Casting with care
Students and volunteers knit comfort shawls for patients in need
By Dorothy Hagmager
In order to knit, you have to commit.
As volunteers for the College of Nursing’s Comfort Shawl Project are all too familiar, learning to knit requires practice and patience. Eventually, however, snarls turn to shawls, and the frustration to exhilaration. But nursing students and adult volunteers who create shawls for patients do more than just knit — the project encompasses a variety of activities, from gifting the shawls to children in pediatric units and adults receiving palliative care, to recruiting new volunteers and writing reflections and thank-you notes. For some, the work is a means of connecting with patients and fellow nursing students. For others, it has changed the way they think about their future careers.
“The real heart of nursing is finding a way to make this person feel they are important and that they deserve care, that they deserve comfort and happiness,” said Cassandra Thorla, a graduate of the College of Nursing. “A lot of times patients are in the hospital for what they think will be three days, and it ends up being three weeks. Something like this can really change their perspective on their whole stay.”
One of Thorla’s family members received a comfort shawl, and her involvement in the program has her seriously considering becoming a palliative care nurse practitioner. Seeing the program’s impact on students is just another reason that College of Nursing professor Toni L. Glover, Ph.D., GNP-BC, ACHPN, remains so heavily involved since starting the project.
“I see it as a unique opportunity,” Glover, one of the project’s leaders, said. “The College of Nursing has a tradition of research, teaching and service. We immediately saw the service capability and educational opportunity here. It’s really taken off.”
This year the students have visited with the Needlers knitting circle at Oak Hammock, gifted smaller blankets to families with babies in the NICU, read “Being Mortal,” and are preparing to tour the Haven Hospice Care Center and gift shawls to patients and families there.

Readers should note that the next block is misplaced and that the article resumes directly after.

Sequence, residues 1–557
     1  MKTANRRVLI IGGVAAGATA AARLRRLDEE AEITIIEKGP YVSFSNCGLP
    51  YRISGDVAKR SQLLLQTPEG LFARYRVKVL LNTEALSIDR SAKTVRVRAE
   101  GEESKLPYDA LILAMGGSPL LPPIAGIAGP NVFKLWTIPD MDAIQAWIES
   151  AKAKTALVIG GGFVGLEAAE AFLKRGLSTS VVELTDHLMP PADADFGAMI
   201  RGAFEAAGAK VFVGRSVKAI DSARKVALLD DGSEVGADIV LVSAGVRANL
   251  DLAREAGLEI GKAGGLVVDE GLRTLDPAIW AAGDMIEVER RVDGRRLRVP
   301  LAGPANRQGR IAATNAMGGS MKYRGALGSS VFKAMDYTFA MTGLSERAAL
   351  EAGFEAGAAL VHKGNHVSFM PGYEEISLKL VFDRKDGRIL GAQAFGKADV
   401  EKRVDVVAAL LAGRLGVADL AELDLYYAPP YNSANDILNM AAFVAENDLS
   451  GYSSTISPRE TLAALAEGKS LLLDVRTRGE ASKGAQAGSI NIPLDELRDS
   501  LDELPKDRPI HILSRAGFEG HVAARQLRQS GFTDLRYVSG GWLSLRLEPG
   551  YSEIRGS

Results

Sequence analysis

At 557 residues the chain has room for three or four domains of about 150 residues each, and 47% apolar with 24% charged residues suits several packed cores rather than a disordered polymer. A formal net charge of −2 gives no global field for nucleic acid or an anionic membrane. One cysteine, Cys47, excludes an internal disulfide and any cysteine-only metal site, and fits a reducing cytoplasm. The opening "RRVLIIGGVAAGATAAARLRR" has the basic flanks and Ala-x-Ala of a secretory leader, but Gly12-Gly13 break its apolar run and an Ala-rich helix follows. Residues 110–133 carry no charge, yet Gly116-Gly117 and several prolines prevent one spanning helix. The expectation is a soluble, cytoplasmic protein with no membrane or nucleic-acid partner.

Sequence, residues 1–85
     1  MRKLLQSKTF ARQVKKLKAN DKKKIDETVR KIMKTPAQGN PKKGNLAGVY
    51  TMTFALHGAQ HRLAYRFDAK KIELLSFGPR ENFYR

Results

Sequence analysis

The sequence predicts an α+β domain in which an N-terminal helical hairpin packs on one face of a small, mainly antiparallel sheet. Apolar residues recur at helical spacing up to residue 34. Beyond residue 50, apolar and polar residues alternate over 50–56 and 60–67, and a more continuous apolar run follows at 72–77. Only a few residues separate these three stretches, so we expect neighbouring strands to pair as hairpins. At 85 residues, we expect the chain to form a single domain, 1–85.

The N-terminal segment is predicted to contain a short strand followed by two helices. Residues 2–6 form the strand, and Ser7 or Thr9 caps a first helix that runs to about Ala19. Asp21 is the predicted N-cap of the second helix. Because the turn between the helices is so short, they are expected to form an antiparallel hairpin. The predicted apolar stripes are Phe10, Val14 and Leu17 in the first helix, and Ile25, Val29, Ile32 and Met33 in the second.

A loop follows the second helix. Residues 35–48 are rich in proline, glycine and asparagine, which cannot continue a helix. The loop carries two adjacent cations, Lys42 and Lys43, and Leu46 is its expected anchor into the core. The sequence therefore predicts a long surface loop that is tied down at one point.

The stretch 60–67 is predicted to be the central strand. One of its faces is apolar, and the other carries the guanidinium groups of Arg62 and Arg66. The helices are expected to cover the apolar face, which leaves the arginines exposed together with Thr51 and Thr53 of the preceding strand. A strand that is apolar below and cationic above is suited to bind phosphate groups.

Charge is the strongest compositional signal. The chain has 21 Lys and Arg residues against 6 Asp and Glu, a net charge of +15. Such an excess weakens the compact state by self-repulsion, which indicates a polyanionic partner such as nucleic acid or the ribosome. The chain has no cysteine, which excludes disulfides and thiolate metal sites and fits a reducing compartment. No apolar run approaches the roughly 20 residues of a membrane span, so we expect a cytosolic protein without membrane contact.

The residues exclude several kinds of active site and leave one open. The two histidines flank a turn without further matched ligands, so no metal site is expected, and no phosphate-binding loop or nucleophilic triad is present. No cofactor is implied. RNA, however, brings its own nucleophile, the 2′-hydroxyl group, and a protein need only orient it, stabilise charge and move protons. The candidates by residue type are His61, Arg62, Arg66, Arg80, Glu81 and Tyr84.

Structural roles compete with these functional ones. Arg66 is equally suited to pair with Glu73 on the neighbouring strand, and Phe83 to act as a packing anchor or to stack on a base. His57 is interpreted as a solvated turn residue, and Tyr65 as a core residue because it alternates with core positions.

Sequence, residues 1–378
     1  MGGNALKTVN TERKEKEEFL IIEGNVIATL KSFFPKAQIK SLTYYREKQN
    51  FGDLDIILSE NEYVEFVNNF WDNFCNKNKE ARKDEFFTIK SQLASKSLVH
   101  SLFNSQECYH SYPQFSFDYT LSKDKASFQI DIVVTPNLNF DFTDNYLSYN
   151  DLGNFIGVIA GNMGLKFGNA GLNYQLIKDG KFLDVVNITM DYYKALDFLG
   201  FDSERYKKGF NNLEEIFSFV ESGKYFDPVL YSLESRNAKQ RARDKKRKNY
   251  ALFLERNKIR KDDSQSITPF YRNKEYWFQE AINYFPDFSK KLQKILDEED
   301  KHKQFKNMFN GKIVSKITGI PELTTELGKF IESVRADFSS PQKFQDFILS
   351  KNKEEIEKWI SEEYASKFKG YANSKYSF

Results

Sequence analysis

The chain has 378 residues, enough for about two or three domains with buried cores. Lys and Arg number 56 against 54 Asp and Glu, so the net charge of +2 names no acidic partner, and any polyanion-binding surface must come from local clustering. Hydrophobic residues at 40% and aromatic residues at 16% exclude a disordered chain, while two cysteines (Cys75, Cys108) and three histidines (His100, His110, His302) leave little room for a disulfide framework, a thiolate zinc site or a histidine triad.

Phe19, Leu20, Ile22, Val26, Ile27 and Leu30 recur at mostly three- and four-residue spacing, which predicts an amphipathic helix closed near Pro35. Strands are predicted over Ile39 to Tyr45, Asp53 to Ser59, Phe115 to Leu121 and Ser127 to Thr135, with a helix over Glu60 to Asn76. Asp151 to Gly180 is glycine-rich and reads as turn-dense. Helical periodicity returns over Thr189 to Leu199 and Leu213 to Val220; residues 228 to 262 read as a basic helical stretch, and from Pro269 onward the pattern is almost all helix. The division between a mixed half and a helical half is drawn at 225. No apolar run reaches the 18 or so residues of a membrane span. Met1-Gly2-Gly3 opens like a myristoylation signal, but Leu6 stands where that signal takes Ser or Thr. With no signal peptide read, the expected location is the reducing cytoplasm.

New student volunteers have been clamoring for spots. Student Brennan Philbin said she was drawn to the project because it offered an opportunity to look at the compassionate side of clinical care.
“So far — in clinicals and stuff — it’s very skill-based, without a lot of focus on communication,” she said. “This way I get to hear people’s stories, and have some time to sit and talk to them. It’s worth it if we can provide even an ounce of comfort.”
The shawls are beneficial not just to patients, but to their makers as well. Studies have shown that knitting and other forms of needlework help to prevent and manage stress, pain and depression, and by extension, aid in the strengthening of the immune system. The intergenerational teaching that occurs in each knitting circle adds a dimension of depth to the work that is rarely found elsewhere. Of shawls produced, over 40 percent are made by volunteers Clara Tyler Reed and Else Berger — two women whose knitting efforts have earned them the title ‘superknitters.’ But if you ask Reed, the students do just as good of a job as they do.
“We started teaching the girls when they visited the Thelma Boltin Senior Activity Center,” Reed recalled. “And they wanted to learn. They saw us knitting — because we’re always knitting — we’re just old hands at it, you know. It is uncomfortable to sit and do nothing. We really have to keep something in our hands. That’s how it started … the girls were so eager and they were such good students and they picked it up so nicely, that it was just a joy to teach.”
The College of Nursing’s Comfort Shawl Project has come a long way since its first knitting circle in April 2014. There are more than 80 volunteers and the number of shawls donated in the second year tripled. And the project’s future — much like the shawls it produces — is bright.
“It pleases us very much, because it’s something that is important to us. We’d like the future generations to get as much from it as we have. It’s very restful and fulfilling,” Reed said. “When you make something, you’re a creator. You’ve created something, and that’s a pretty powerful emotion.”